Florida

Putting Education Reform To The Test

Report: Miami-Dade’s Poorest Schools Have District’s Least Experienced Teachers

Pablo Ortiz with the Miami-Dade education transformation office says district schools are improving and they are working to make sure the least-experienced teachers aren't concentrated in the district's high-poverty schools.

John O'Connor / StateImpact Florida

Pablo Ortiz with the Miami-Dade education transformation office says district schools are improving and they are working to make sure the least-experienced teachers aren't concentrated in the district's high-poverty schools.

Students in some of Miami-Dade’s lowest-income schools are more likely to have teachers who are new to the profession, who miss more school time and who receive lower evaluation scores, according to a new analysis by the National Council for Teacher Quality.

Washington, D.C.-based NCTQ looked at student and school data by school board district at the request of the Urban League of Miami. The group focused on district 1, an area along the county’s northern border which includes Miami Gardens and Opa-locka, and district 2, an area north of downtown including Little Haiti and Liberty City.

Those school board districts have the highest percentage of black students and the highest poverty, as measured by percentage of students receiving free or reduced-price lunch, in the school district.

Of the 60 schools which received a D or F on the state’s grading system for public schools, 70 percent were located in school board district 1 or 2. And poor students were less likely to pass the state’s standardized tests.

At a town hall meeting at the Urban League of Miami, NCTQ researcher Nancy Waymack said districts across the country struggle to place top teachers in high poverty schools.

“This is not a secret,” she said, “but, when we see data like this it’s time to redouble our efforts.”

Waymack said the school district needs to focus on recruiting strong teams to move to these schools and praising teachers so they’ll stay.

Miami-Dade school leaders said they don’t dispute the findings, but argue the district has been addressing the problem for several years. They also point to data showing Miami-Dade black students have a higher graduation rate than other big city districts, and high schools in the districts have improved their grades on the state report card for public schools.

“We do agree,” said Pablo Ortiz with the district’s education transformation office. “There is unequal access and unequal results. But what should be asked is…what is it that Miami-Dade is doing that these other districts should replicate.”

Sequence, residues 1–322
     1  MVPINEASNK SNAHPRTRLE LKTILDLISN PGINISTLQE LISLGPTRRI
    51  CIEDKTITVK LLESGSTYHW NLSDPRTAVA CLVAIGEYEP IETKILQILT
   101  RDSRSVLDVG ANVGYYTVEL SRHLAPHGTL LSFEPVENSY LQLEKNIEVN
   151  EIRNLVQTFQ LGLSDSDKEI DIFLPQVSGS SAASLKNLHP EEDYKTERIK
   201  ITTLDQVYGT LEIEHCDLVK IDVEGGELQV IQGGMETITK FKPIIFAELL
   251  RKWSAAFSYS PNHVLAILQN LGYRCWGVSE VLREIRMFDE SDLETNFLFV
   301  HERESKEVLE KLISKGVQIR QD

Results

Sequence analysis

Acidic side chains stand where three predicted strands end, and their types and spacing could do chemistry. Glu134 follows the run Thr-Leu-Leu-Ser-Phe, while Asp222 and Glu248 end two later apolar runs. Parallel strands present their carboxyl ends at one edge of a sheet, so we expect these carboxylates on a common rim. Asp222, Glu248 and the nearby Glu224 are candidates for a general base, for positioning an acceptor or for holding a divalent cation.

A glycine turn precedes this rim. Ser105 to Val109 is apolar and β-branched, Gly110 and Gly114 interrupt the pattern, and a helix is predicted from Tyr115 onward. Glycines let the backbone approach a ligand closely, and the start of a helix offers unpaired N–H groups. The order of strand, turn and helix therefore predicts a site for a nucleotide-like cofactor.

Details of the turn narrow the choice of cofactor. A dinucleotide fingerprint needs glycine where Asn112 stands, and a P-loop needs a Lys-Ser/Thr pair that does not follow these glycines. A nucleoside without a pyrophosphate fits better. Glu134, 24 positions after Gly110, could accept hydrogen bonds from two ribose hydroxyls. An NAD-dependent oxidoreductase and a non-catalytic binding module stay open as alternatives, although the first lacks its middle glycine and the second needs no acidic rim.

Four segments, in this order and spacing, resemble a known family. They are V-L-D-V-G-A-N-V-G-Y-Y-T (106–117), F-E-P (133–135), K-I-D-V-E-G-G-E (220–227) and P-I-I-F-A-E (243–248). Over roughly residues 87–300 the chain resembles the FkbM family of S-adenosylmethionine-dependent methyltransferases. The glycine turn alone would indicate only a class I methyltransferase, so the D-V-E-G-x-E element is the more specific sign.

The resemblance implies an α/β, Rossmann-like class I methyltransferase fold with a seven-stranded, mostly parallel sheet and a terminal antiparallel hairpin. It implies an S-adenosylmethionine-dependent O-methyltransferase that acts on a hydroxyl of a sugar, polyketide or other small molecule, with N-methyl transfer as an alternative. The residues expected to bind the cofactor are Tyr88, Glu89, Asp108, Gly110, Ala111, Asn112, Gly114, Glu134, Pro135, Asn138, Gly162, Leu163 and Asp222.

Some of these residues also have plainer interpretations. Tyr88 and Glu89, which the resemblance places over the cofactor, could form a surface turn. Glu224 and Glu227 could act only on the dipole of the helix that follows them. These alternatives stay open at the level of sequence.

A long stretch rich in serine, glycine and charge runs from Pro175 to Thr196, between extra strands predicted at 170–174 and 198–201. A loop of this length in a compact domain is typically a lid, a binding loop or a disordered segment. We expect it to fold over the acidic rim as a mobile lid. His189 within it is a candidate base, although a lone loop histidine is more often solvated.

Ortiz said the district is already doing some of NCTQ’s recommendations — they’ve improved the retention rate of Teach For America recruits, for instance — and will consider others.

The report was commissioned by the Urban League of Miami.

Comments

  • Marblemania

    ANd so the answer is to recruit TFAS? Express lane educators? People with little training and little desrie to stay after their two year commitment? What do these people drink to swallow and spit out this ridiculous answer to a problem that needs MORE EXPERIENCED teachers who are dedicated to the profession for the long haul? Can someone ask themselves why we don’t see these fly by night teachers in suburban schools? Because parents would have an aneurism if their kids’ teachers weren’t as educated as the parents themselves. You just have to laugh…the state determines that the poor schools have low scores and least experienced teachers and the answer is to put in even more less experienced scabs. (they don’t deserve the title of teacher)

    • Tom James

      Marblemania: Teach For Awhile’s aren’t better just CHEAPER. Supers and school board members love them cuz they will work for the minimum, won’t join the union, will take assignments in the worst schools, won’t complain or utter a peep, are on annual contract and can be fired at will. They are basically SCABS undermining professional teachers while Wendy Kopp and TFA bigwigs rake in millions from anti teacher anti union education deformers hell bent on destroying public schools. It’s a pretty twisted situation. Blame people like Obama, Jeb Bush, Bill Gates, Michael Blomberg, It’s all about getting rid of unions so teachers can be paid minimum wage.

      • Kevin

        You too are both quite stupid. I was a TFA teacher in miami dade and I was union, and so we’re quite a few of us. TFA is not inherently anti-union. Especially with the quality of administrators at these schools who are sooo piss poor that they lead TFA teachers to joining the union out of necessity. Also, there are tons of vacancies at ETO schools like these right now (my former school still needs 13 teachers one month into the school year! So where are all these “MORE EXPERIENCED” teachers, Marble, that you insist are so plentiful out there? They exist, but they’ll be damned if they will go to an ETO school if they can avoid it. It was the ETO itself that made me dislike teaching in urban schools, with their crazy insistence and irrationality towards data, common boards, and rigid frameworks which take the joy out of teaching. Less ETO oversight, more $$$ for teachers, and they will stay.

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